Tags: acting, acting tips, entertainment industry, how to become an actor
Actors have lost auditions and jobs because of e-mail.
On recent Paul Russell Casting projects I deliberately engaged in a digital experiment. My office, when reaching out to unrepresented actors, sought electronic submissions only. The result? Devastating for the techno-addicted thespians.
Some startling surprises:
1. Actor e-mail submissions were dumped into the PRC spam folder
How & why?
The algorithms of PRC’s public e-mail address server tossed—as junk—numerous incoming e-mails by the hundreds which contained the project’s title and/or role(s) sought. Yahoo’s e-mail server is programmed to divert multiple incoming inquiries in which the text of each e-mail hosts repeated words and/or phrases. Plus Yahoo, Gmail, Hotmail, AOL and other e-mail servers divert e-mails from unknown senders which contain large attachments. And so, the actors I actively sought were banished to spam.
Only because of my interest in this digital experiment was I aware of what was happening. Another casting director (or talent recruiter) would have deleted with a single mouse click and care not the long digital list of actors unjustly tossed into the spam folder.
2. Audition appointments were never received by actors
This was the more shocking…
There were unrepresented actors to whom my office replied to and set up audition appointments. A number of these, to various e-mail servers (the most popular among actors being Gmail), were diverted into actors’ spam folders. Even a director’s request for an actress could not sway Yahoo from swiping away the young thespian’s audition appointment into a spam folder.
My office e-mailed the actress with an appointment. She never responded. Follow-up was made by my office to the actress via the only contact we had; her e-mail address. She never showed for her audition. Both the director and producer inquired as to her location several times during the audition day.
She was in South Carolina.
The actress had only discovered the appointment (and the multiple follow-up inquiries) in her spam folder after her audition day came and went.
Gmail, Yahoo, Hotmail and AOL have also tossed e-mails from my office to recipients with whom I’ve had past electronic correspondence because the e-mails sent to associates contained identical text. And these e-mails were not mass marketing materials. I was corresponding requested information.
Similar has happened when a producer I’ve had electronic correspondence since the mid-1990s sent an important missive to my private, domain based e-mail. The e-mail was junked by my Outlook because the e-mail had a large attachment over 5 MB.
Why is this happening more than previously noticed? E-mail delivery is at the unmerciful whim of Silicon Valley techno-geek programmers who set algorithms which decide whether or not digital communications are received by you or delivered to your communication targets. E-mail platforms are becoming more stringent as to what and who can contact you. Over zealous algorithms now block desired dialogue; lumping your e-mails for seeking work with erectile dysfunction medication pitches.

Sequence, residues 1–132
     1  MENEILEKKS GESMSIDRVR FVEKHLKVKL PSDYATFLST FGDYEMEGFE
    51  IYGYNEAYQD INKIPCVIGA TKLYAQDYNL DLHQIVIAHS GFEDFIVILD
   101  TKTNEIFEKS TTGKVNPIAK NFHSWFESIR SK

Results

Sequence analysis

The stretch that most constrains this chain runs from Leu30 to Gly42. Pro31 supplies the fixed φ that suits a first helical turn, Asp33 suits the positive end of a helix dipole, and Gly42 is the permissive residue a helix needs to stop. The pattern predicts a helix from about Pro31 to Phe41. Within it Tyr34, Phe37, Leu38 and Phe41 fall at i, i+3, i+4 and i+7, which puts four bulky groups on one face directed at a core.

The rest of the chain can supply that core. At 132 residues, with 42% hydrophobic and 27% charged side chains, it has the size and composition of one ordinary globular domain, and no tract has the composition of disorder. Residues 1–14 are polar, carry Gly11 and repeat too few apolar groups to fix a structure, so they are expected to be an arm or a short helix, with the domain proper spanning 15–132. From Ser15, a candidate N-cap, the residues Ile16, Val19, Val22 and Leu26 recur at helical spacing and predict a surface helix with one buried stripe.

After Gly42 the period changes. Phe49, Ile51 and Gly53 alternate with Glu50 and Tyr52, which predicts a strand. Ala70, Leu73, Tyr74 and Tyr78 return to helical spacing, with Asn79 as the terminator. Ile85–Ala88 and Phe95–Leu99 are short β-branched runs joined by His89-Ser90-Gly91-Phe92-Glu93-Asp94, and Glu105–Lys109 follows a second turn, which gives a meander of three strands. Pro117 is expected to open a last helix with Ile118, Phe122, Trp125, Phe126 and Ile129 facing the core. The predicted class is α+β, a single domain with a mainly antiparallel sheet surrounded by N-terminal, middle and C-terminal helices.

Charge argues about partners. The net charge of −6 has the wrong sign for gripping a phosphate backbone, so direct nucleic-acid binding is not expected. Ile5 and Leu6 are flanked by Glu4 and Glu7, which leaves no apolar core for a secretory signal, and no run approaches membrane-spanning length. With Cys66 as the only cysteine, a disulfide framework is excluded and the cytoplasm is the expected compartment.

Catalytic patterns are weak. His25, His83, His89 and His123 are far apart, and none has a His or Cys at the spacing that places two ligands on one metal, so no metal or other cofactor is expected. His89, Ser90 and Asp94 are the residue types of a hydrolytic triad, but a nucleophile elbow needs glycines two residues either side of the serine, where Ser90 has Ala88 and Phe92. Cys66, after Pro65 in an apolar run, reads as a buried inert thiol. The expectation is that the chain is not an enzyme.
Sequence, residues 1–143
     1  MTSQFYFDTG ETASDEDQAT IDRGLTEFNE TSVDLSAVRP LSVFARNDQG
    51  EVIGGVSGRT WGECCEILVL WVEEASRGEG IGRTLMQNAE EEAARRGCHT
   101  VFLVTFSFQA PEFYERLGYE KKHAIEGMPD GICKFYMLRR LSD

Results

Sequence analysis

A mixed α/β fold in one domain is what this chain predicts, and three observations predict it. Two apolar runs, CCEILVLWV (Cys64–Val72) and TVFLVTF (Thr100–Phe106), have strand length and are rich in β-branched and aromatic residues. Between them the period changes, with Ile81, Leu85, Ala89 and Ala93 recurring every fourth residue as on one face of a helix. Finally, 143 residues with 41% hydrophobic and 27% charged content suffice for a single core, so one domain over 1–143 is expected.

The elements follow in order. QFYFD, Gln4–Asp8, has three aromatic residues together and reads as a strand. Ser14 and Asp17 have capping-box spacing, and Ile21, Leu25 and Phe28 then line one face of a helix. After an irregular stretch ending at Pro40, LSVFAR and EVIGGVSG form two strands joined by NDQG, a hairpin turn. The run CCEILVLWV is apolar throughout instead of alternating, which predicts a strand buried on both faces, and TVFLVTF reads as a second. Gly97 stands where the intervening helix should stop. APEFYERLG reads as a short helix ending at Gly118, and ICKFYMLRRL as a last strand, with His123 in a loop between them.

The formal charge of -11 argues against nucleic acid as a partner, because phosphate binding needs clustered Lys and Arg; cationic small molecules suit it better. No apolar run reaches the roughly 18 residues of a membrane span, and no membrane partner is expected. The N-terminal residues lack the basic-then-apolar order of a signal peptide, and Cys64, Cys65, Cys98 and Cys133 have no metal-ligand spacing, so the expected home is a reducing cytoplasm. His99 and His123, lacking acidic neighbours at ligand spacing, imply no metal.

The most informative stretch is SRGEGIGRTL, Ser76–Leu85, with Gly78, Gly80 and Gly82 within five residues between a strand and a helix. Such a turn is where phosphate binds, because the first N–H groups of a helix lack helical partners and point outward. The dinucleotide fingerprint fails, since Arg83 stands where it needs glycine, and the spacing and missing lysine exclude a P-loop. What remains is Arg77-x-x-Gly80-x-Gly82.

You get what you pay for. ‘Free’ e-mail does not equal assured delivery. The U.S.P.S. delivers to a brick and mortar mail box. Never to a spam folder.
My office will return to actively seeking land mail submissions and calling out appointments via the phone.
I know that many actors will not respond to my outreach for land mailings as those short-sighted actors whine that sending land mail takes too much time, effort, plus a dollar and spare change. To which I answer, you will receive in return what you pay for, which more than likely will be nothing.
Regular Answers for Actors readers will recall what three talent agents and two casting directors recently asserted in an Answers for Actors post how actors were placing themselves into obscurity in order to save a twenty dollar bill or two with their marketing. Successful businesses (actors are each an individual business) know that to reach their target consumer (in an actor’s case; casting and/or talent representation) multiple outreach platforms must be engaged.
As the owner of your business which is you; don’t rely on e-mail as your only outreach to your consumers. Diversify to multiply opportunity.
Paul (P.S. Please share with your peer actors this important post.)
Paul Russell’s career as a casting director, director, acting teacher and former actor has spanned nearly thirty years. He has worked on projects for major film studios, television networks, and Broadway. Paul has taught the business of acting and audition technique at NYU and has spoken at universities including Yale, Temple and the University of the Arts. He writes a column for Back Stage and is the author of ACTING: Make It Your Business – How to Avoid Mistakes and Achieve Success as a Working Actor. For more information, please visit www.PaulRussell.net.
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